Joseph: Technicolor Tzadik?

The complex character of Joseph raises questions about what it means to be righteous.

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Provided by Hillel’s Joseph Meyerhoff Center for Jewish Learning, which creates educational resources for Jewish organizations on college campuses.

The made-for-stage story of Joseph begins with this week's parashah, Vayeshev, and will continue for the next four weeks until the end of the book of Bereshit, Genesis.

From the outset of the parashah it is clear that Jacob favors Joseph among his ten sons, giving him the infamous "ktonet pasim," the coat of many colors, or ornamented tunic. This preferential treatment, as well as Joseph's penchant for sharing egocentric dreams, angers his brothers. The brothers react harshly, selling poor Joseph into Egyptian slavery. In Egypt, Joseph demonstrates surprisingly strong character by resisting the lurid designs of his boss's wife.

2 ...At seventeen years of age, Joseph tended the flocks with his brothers, as a helper to the sons of his father's wives Bilhah and Zilpah. And Joseph brought bad reports of them to their father. 3. Now Israel loved Joseph best of all his sons, for he was the child of his old age; and he had made him an ornamented tunic. 4. And when his brothers saw that their father loved him more than any of his brothers, they hated him so that they could not speak a friendly word to him.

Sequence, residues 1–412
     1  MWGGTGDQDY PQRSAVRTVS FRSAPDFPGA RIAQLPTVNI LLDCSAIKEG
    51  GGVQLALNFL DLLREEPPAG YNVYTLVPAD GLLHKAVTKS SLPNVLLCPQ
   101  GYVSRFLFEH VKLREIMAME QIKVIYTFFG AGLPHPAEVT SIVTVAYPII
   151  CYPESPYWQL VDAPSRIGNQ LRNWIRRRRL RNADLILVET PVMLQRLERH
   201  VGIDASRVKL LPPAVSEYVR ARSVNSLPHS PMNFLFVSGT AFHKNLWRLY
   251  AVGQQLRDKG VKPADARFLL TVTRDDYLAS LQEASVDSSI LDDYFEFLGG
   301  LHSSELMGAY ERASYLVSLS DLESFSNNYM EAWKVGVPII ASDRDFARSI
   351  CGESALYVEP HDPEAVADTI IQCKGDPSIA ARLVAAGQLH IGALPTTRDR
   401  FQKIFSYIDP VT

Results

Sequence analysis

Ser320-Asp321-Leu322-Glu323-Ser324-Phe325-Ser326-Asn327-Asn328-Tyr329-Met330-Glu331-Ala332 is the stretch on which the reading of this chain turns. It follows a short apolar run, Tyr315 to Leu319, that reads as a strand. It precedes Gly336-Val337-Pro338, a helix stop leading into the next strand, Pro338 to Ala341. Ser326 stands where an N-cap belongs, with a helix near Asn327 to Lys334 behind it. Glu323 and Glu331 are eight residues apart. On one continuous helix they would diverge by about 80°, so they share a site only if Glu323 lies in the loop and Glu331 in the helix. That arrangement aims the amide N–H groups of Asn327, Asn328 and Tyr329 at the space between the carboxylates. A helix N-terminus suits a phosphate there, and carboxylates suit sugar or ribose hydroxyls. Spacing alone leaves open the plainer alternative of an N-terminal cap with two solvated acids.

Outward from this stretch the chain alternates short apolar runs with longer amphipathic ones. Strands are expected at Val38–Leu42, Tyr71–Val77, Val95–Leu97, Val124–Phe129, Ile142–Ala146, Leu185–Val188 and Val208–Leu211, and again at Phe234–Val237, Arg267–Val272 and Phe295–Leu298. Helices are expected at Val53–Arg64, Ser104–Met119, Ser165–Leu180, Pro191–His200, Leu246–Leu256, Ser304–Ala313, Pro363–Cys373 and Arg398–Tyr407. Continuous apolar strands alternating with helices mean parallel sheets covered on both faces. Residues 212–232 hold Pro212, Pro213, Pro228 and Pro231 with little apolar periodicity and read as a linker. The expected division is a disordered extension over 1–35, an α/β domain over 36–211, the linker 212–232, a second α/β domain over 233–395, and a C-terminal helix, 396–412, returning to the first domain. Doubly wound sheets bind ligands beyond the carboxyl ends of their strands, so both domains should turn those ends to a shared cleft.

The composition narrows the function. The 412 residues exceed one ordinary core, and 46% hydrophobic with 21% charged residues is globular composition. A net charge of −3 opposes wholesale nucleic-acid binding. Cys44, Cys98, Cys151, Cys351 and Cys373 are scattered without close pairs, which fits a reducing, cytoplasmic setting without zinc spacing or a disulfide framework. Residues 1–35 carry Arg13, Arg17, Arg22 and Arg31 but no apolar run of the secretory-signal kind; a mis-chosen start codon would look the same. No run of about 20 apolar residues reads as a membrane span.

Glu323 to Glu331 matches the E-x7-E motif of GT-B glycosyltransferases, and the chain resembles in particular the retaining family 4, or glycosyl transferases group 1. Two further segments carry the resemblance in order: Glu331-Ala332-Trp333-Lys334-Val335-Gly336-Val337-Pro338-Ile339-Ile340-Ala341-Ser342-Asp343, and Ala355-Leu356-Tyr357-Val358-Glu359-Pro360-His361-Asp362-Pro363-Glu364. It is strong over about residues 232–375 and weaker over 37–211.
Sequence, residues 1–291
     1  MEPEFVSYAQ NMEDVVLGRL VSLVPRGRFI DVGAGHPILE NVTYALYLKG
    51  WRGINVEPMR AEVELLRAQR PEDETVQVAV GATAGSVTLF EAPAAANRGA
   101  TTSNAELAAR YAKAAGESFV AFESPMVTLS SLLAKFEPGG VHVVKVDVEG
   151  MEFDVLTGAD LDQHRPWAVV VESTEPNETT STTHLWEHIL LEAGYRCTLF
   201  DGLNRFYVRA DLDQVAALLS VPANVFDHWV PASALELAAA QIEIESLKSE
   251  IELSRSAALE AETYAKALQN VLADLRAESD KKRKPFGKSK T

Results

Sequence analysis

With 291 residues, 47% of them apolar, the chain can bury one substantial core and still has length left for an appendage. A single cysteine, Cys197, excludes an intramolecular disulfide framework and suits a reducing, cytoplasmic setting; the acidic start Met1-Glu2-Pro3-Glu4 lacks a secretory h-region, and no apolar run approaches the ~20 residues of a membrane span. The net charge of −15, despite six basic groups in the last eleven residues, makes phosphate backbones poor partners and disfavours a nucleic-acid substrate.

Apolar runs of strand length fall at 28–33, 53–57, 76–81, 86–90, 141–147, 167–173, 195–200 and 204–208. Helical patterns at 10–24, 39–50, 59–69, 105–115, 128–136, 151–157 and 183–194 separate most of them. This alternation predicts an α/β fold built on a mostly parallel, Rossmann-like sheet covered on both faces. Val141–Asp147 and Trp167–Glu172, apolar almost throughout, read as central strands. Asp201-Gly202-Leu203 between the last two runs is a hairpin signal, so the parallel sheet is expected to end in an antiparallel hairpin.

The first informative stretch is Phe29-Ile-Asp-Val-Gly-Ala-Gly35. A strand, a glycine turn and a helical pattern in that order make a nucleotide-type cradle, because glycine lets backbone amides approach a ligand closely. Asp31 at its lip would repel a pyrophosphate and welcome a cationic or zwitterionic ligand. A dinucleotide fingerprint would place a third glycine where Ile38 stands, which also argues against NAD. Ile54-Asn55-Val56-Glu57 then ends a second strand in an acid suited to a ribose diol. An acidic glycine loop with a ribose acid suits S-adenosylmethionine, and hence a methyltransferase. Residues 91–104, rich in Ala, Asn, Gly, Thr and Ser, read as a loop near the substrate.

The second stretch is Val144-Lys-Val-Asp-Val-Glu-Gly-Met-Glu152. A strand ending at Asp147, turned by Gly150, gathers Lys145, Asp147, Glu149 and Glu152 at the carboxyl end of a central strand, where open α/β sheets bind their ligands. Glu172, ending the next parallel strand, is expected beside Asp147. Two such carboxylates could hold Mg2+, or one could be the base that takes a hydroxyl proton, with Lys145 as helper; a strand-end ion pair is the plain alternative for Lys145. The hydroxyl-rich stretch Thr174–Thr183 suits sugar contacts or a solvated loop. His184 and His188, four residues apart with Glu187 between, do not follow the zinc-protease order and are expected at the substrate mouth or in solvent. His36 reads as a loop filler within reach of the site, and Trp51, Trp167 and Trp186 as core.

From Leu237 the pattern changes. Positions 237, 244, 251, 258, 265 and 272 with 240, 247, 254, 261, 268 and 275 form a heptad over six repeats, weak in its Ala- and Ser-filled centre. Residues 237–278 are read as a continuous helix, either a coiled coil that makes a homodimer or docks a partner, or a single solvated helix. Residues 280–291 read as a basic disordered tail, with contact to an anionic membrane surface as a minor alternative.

5. Once Joseph had a dream which he told to his brothers; and they hated him even more. 6. He said to them, "Hear this dream which I have dreamed: 7. There we were binding sheaves in the field, when suddenly my sheaf stood up and remained upright; then your sheaves gathered around and bowed low to my sheaf." 8. His brothers answered, "Do you mean to reign over us? Do you mean to rule over us?" And they hated him even more for his talk about his dreams.

9. He dreamed another dream and told it to his brothers, saying, "Look, I have had another dream: And this time, the sun, the moon, and eleven stars were bowing down to me." 10. And when he told it to his father and brothers, his father berated him. "What," he said to him, "is this dream that you have dreamed? Are we to come, I and your mother and your brothers, and bow low to you to the ground?" 11. So his brothers were wrought up at him, and his father kept the matter in mind.

Your Torah Navigator

1. Do you believe that Joseph understood that the two causes of enmity against him--namely, his tendency to tattle on his brothers and receiving Jacob's favoritism--might lead to jealousy and disdain on the part of his brothers? If so, what do you think motivated him to still reveal his dreams to his brothers?
2. Based on these opening lines describing young Joseph, do you feel that his tribe should later merit the title "HaTzadik," or righteous?

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Rabbi Sharon Mars

Rabbi Sharon Mars is Northeast Community Program Coordinator and Jewish Educator at the Columbus, OH JCC. Previously she was the Campus Rabbi at NC Hillel.